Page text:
Everything, and yet nothing, had changed. In Jobs' mind, the Apple brand has always been about design perfection - whether it's software or hardware.
As far back as 1982, he was actively encouraging his designers to think of themselves as artists. Back then, he took his Mac design team on a field trip to a Louis Comfort Tiffany exhibition, because Tiffany was an artist who was able to mass-produce his art - just as Jobs wanted to do.
He even insisted that his design team sign the interior of the Macintosh case, like artists signing their work. "He encouraged each one of us to feel personally responsible for the quality of the product," Hertzfeld says.
The way Apple people work has not changed either. They turn in long hours with a passionate, almost messianic fervour, driven by the fear-tinged respect that Steve Jobs inspired.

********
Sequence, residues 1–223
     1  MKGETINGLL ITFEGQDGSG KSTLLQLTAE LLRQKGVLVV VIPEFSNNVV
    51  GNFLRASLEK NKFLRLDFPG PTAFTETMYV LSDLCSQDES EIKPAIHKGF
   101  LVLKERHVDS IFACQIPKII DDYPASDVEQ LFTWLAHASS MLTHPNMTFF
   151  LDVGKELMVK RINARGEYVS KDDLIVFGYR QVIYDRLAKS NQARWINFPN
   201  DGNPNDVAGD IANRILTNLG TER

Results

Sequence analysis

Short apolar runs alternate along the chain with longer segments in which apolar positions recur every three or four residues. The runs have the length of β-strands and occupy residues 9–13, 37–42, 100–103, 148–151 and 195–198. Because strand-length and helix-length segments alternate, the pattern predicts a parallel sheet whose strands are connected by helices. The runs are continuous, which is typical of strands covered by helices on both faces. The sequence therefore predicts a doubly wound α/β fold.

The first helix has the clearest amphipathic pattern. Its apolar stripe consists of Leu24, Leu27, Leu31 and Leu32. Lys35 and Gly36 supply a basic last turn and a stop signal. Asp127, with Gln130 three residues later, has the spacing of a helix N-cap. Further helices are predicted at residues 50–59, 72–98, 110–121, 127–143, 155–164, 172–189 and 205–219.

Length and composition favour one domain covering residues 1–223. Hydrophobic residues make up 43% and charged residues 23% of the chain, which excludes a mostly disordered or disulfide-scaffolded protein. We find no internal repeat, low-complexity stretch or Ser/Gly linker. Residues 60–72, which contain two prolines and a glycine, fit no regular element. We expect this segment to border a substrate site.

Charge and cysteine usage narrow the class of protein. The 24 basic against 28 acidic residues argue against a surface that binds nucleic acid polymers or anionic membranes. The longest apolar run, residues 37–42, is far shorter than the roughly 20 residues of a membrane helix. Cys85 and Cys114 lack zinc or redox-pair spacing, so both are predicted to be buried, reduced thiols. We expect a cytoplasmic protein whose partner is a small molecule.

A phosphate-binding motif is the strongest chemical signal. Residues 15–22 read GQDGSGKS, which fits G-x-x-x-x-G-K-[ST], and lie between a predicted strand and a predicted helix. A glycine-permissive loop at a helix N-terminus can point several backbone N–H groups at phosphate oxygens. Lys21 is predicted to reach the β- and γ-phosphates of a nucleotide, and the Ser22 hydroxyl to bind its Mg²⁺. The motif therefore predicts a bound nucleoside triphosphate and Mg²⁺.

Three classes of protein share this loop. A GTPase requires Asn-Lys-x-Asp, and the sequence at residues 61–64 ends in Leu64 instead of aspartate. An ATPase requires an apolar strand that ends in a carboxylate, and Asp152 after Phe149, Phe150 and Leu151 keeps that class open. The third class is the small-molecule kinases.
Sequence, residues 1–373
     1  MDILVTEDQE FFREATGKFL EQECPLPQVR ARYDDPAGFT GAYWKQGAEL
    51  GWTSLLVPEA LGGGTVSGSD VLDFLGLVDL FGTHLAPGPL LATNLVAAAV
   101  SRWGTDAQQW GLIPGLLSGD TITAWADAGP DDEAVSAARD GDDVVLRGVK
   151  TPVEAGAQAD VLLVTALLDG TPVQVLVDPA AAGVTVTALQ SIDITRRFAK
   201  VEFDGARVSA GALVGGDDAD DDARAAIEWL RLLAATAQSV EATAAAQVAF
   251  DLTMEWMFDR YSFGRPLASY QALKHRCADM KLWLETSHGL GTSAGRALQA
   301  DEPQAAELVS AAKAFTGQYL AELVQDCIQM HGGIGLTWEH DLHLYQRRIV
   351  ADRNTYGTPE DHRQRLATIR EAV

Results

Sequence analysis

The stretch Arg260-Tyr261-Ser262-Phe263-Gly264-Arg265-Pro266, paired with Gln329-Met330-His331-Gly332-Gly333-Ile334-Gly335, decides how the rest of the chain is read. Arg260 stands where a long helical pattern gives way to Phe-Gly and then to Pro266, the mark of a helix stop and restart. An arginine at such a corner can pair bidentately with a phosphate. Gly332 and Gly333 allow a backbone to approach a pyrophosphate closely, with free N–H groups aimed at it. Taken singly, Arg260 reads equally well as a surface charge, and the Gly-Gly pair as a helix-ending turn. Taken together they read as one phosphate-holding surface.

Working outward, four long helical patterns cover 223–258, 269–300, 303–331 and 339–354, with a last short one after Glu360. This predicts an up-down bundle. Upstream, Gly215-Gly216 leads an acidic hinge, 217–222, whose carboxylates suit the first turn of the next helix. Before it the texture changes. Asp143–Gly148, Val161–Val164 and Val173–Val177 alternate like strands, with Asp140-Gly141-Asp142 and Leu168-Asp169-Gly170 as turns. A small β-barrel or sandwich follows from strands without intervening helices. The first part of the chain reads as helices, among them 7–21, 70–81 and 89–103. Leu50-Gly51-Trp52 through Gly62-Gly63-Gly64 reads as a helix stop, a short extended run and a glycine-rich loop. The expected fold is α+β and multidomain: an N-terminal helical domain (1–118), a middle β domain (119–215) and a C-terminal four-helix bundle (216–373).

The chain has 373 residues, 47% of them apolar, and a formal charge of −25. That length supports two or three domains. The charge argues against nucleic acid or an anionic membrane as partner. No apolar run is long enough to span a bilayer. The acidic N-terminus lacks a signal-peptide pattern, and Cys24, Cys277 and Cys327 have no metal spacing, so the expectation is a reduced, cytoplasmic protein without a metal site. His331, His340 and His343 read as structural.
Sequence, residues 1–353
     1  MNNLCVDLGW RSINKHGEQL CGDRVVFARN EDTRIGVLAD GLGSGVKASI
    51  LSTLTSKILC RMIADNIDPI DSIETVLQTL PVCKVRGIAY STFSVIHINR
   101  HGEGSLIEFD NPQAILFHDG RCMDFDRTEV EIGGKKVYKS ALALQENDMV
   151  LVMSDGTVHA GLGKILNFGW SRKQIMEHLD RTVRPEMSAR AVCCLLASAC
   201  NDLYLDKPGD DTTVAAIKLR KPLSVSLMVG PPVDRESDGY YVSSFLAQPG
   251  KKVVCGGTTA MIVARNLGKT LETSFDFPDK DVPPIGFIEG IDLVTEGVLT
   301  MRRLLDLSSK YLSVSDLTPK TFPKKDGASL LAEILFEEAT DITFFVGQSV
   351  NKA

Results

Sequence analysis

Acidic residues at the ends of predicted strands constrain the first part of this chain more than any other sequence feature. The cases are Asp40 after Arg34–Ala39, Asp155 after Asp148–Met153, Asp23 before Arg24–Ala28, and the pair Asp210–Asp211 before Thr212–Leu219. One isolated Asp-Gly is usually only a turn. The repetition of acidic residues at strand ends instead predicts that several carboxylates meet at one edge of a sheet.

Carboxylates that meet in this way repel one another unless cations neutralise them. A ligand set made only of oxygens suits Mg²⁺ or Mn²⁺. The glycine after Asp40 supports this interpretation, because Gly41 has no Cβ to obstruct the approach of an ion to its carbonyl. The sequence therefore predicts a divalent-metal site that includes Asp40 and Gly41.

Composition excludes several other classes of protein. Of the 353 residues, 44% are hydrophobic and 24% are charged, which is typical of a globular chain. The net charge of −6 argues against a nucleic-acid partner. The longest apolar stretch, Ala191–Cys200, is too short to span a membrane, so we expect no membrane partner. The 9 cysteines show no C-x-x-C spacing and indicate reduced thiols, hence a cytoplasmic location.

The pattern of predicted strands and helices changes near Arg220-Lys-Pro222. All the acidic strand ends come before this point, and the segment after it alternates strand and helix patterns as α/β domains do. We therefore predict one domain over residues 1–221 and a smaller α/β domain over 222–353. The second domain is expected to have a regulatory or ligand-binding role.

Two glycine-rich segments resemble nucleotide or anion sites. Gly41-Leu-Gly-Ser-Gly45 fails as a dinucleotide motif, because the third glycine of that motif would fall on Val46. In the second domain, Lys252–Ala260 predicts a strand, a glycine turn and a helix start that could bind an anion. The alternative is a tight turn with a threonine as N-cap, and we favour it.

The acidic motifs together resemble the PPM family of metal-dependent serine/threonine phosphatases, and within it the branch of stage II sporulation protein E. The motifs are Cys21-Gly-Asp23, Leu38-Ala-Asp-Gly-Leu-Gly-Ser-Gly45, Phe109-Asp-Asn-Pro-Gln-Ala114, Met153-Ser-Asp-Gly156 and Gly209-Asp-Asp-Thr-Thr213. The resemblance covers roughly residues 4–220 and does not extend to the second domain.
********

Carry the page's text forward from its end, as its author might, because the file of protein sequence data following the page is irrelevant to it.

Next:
Under Jobs' guidance, Ive and his team have gone on to give us the iPod, iPhone and iPad. Perfection as a brand value requires ultimate control, which in turn requires the ultimate control freak.
As Jobs departs for this final time, he will be comforted to know that excellence has been institutionally ingrained in Apple's products, and that only mismanagement on a cataclysmically dire scale can shake the Apple brand free of the quality that people have come to associate with it.
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